SBS Mag Destination Guide: East Tyrol, Austria

SBS Mag Destination Guide: East Tyrol, Austria

 FELIX BILLINGTON

Looking for some inspiration on places to visit by bike? SBS Mag’s series of destination guides continues with worldwide motorcycle tour operator Felix Billington, enticing you to visit the alpine roads of East Tyrol, Austria.

Why would I go there?

Any country that spends winters skiing and summers mountain biking is guaranteed to provide decent mountain roads for bike touring. A massive slab of mountains jammed between Germany and Italy means plenty of high passes, and Austrian efficiency means they’re all beautifully surfaced. The valleys are picturesque, smooth as a billiard table with lush green flat bottoms dotted with tiny farming villages, each with its own onion-dome church.

Then towering mountains suddenly rise up on every side, with clear mountain air giving a crisp view (one regular riders said it was like watching life in 3D ultra-HD widescreen!). Up in the mountains there are loads of tiny hill farms where it’s not unusual to see people using scythes in a mountainside meadow.  Brown cows with bells on getting milked one at a time in a mobile milking station pulled behind a car. It’s just wonderfully charming.

Where is it?

Separating Germany from Italy, in the East of Austria. You can approach from the north via Germany, The Black Forest and Bodensee (Lake Constance) and Oberammergau. From the south via the Italian cities of Verona and Venice, or from the east through Liechtenstein and Switzerland. Whichever way you choose it’s mountains, mountains and more mountains!

What is there to do?

The Grossglockner high alpine road shouldn’t be missed. Nestled in the Alps it’s the highest paved road in Europe and one of the most scenic rides anywhere. It’s the motorway of mountain passes – armed with wide, sweeping hairpins and excellent visibility. The safety-to-speed ratio is very good compared to other narrower passes. Edelweissspitze (bikers point) has a great atmosphere at the top of a series of tight cobbled hairpins. Fantastic views and a great photo op of the main road below. The Pasterze glacier is amazing, at 8.4km in length it’s the longest glacier in Austria and the visitors centre here is worth stopping for.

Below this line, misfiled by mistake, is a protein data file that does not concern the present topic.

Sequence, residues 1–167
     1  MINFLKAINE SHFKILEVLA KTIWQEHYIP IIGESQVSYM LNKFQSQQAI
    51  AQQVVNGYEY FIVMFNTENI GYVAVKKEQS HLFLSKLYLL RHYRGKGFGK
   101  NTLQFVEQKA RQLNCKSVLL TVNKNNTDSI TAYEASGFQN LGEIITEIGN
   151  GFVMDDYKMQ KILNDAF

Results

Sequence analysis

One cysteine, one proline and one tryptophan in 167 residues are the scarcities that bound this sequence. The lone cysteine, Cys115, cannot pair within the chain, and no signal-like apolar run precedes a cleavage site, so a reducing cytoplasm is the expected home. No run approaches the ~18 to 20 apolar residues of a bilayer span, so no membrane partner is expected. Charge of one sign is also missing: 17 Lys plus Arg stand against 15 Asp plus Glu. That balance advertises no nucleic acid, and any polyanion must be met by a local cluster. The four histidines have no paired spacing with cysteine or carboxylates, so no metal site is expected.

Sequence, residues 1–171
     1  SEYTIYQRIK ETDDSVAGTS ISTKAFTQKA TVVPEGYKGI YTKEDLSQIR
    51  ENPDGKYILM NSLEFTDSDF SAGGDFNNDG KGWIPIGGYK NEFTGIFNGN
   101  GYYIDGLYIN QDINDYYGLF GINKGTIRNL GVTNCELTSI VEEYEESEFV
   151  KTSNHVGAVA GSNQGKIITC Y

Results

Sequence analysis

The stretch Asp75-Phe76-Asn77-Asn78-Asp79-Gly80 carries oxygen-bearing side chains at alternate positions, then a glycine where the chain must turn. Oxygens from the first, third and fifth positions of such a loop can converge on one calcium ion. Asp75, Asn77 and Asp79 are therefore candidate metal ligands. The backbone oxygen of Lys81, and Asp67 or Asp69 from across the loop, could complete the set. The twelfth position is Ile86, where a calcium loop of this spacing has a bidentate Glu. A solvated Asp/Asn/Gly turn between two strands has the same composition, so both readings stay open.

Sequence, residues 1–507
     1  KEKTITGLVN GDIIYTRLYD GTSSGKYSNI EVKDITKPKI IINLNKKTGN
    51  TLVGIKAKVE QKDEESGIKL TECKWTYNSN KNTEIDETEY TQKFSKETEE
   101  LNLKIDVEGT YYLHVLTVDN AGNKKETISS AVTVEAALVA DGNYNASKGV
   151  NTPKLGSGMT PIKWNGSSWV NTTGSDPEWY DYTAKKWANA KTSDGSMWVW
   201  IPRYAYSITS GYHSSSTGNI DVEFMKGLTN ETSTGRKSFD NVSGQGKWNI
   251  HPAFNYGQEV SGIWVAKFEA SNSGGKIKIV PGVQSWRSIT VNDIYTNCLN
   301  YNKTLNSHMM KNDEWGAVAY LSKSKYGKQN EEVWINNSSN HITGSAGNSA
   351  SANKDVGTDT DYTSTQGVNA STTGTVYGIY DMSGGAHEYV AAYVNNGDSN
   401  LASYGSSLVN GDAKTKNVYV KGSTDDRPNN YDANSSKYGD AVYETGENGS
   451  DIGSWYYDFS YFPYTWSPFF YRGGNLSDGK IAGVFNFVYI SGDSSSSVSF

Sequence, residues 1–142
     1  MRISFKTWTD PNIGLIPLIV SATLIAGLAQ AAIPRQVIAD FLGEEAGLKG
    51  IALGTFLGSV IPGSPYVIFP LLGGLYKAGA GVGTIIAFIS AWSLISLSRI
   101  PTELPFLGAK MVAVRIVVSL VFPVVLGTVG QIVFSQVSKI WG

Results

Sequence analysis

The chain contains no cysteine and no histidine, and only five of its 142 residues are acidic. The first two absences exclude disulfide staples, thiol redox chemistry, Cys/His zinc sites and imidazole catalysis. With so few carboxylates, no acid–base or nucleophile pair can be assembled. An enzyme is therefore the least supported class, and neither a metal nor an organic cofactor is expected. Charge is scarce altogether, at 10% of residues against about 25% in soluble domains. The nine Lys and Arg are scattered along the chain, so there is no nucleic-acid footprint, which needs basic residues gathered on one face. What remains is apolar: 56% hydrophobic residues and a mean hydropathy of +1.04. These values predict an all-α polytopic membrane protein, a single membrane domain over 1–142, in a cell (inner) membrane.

Berchtesgaden is very interesting historically as it was used by Hitler as a summer retreat. There’s a bus that takes you to the top and lockers near the station hold bike gear. You walk along a stone tunnel, then a mirror-polished brass lift takes you to the top, which is really cool. The whole place looks totally impregnable until the last minute when you see the tunnel entrance. The garden provides  beautiful views overlooking the mountains.

All the ski stations convert their lifts to take mountain bikes in the summer, so hiring a bike and doing some downhill would be really easy and great fun for a ‘rest’ day!

Beautiful alpine lakes (like the Walchsee) provide stunning views over bright turquoise water. You can take a swim or simply sit with a beer and take in the scenery.

Know before you go…

Austrian motorways require a vignette (only €5 or so), but worth getting to avoid a fine.

There are lockers for bike gear at Berchtesgaden, the last bus up is 16:00 and down 16:50. You should book your return time as soon as you get to the top.

The Grossglockner high alpine road is about €25 so don’t get caught out by the toll. Many of the local hotels have offers that cover several passes so worth checking depending where you stay. It also shuts at 6pm. Go early or late to avoid the coaches. You also get a sticker!

Weather can be gorgeous in the valley bottoms but quite cold and wet up in the passes and it can change quickly, make sure you’ve got a decent oversuit and a fleece or mid-layer you can put on if necessary.

Best time to go?

Many high alpine passes are shut for a large part of the year. May-September is best. But alpineroads.com is a good website to check if passes are open or passable.

Top Tips…

  1. Don’t miss the Grossglockner.
  2. Get off the beaten track to see charming old-world rural scenes like people scything meadow-grass.
  3. If you’ve got small children a traditional Austrian cow bell makes a brilliant present… one you’ll most probably regret!

Key info…

To see a selection of tours that go through Austria, visit Felix’s tour company’s website.